Stay tuned and I’ll follow up this article with “10 Recipes with Bergamot”.

copyright suzannerbanks 2013

 

Peppermint Oil! An Oldie but a Goodie!

Ah lovely peppermint - pic via thebodyhut.com.au

Ah lovely peppermint – pic via thebodyhut.com.au

Peppermint essential oil is usually Mentha piperita and comes from the family Lamiacae, and the genus Mentha. A supplier of mine also offers Mentha arvensis, but really when it comes down to it the variations won’t make a huge difference to the therapeutic value for most users of oils.This family also holds many herbs like lavender, sage, marjoram, patchouli, oregano, thyme and many others. It seems as though this family of plants has been around for thousands of years going back to, at least, the Romans, the Greeks, and it is even recorded in Egyptian records. These are hardy herbs and have wonderful medicinal properties.

Please see my article Essential Oils from Herbs are Spectacular for a more comprehensive list of healing herbs. I’ll be concentrating on these herbs over the next few weeks so stay tuned.

Peppermint lollies - pic via health.com

Peppermint lollies – pic via health.com

Peppermint essential oil is one of the most used oils in the world and this is because it’s use in food flavourings. Peppermint lollies are sweet, cute and fun and for all these reasons I also see peppermint essential oil as an oil of happiness. It appeals to many people, both young and old and is an easily accessible and inexpensive oil.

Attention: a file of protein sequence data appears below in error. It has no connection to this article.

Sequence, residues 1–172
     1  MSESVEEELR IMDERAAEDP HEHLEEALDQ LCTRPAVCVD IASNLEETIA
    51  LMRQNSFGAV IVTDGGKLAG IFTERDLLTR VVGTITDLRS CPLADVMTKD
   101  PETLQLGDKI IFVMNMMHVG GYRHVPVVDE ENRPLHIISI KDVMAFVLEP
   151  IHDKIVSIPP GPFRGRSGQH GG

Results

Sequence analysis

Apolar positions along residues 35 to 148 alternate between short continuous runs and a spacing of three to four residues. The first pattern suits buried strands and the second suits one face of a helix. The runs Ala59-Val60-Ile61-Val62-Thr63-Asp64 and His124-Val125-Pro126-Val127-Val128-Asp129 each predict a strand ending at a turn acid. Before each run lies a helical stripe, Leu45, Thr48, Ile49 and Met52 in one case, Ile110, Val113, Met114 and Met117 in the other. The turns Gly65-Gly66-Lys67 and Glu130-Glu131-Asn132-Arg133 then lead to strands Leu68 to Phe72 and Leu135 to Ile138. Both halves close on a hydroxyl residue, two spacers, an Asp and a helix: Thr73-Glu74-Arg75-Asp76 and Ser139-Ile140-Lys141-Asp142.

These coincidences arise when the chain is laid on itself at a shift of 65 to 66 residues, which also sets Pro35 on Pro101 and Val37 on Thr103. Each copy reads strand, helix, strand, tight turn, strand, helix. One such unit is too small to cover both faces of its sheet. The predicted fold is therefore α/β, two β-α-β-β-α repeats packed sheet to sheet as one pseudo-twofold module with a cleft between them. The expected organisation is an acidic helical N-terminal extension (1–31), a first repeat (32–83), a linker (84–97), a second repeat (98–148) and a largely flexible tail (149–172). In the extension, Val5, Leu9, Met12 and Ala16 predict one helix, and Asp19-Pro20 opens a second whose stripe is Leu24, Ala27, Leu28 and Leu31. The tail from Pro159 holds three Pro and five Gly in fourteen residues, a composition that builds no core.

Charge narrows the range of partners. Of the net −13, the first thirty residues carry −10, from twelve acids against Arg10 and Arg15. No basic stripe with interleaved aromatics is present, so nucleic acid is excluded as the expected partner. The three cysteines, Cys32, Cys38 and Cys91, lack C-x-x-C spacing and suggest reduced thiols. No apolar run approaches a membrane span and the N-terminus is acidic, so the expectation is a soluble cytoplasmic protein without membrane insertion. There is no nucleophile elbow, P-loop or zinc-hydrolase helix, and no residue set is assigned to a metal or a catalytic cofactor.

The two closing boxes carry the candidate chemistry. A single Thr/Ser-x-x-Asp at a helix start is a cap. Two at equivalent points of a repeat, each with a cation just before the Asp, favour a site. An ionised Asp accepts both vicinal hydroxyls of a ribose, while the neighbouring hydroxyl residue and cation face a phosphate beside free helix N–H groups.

A typical analysis of peppermint oil shows it is high in menthol and menthane, and these constituents are the ones that give peppermint its heat. Funnily enough this warmth or heat actually translates to a cool feeling, and peppermint could be considered and anti-inflammatory oil.

Peppermint oil is used in aromatherapy today –

* as an antidote for nausea and travel sickness

* to help calm symptoms of irritable bowel (via products that contain peppermint oil)

* as a pain relief for muscles and nerve pains

* as a decongestant for the sinuses

 

Most people love peppermint - pic via www.milkandhoneyherbs.com

Most people love peppermint – pic via http://www.milkandhoneyherbs.com

I use peppermint oil –

* in a steam inhalation to relieve a headache (it really works well) and sinus headaches and pain

* and in any blend of oils to relieve pain – menstrual pain, muscle pain, aching limbs, arthritis pain

I would not use peppermint oil in many body oils, but I have added it to a blend for a client with psoriasis and eczema and it seems to cool her itchy skin.

Peppermint is good for pain!

It’s also great to clear your mind, wake you up and to make you feel refreshed. It will even do that when you have a good quality mint in your mouth.

Try these recipes –

Take a huge whiff to change your focus in seconds

Take a huge whiff to change your focus in seconds

1. Open The Bottle and Take a Huge Whiff

Peppermint will help with a headache, sinus congestion and a tired mind.

2. Nourishing Body Oil Blend

For a coat of your body use 3 teaspoons of carrier oil in a little dish and, add 7 – 8 drops of essential oil.

***** Always put the drops of essential oil into the bottle or dish first, then add the carrier oil. It gives the scents time to create a synergistic fusion.

For a 50ml bottle of oil add 25 drops and see my articles “Ratios for Blending Essential Oils – A Reminder of the Basics” and  “Aromatherapy – It’s Easy as 1 2 3”

“Calm Down”

For itchy skin or even an irritable feeling –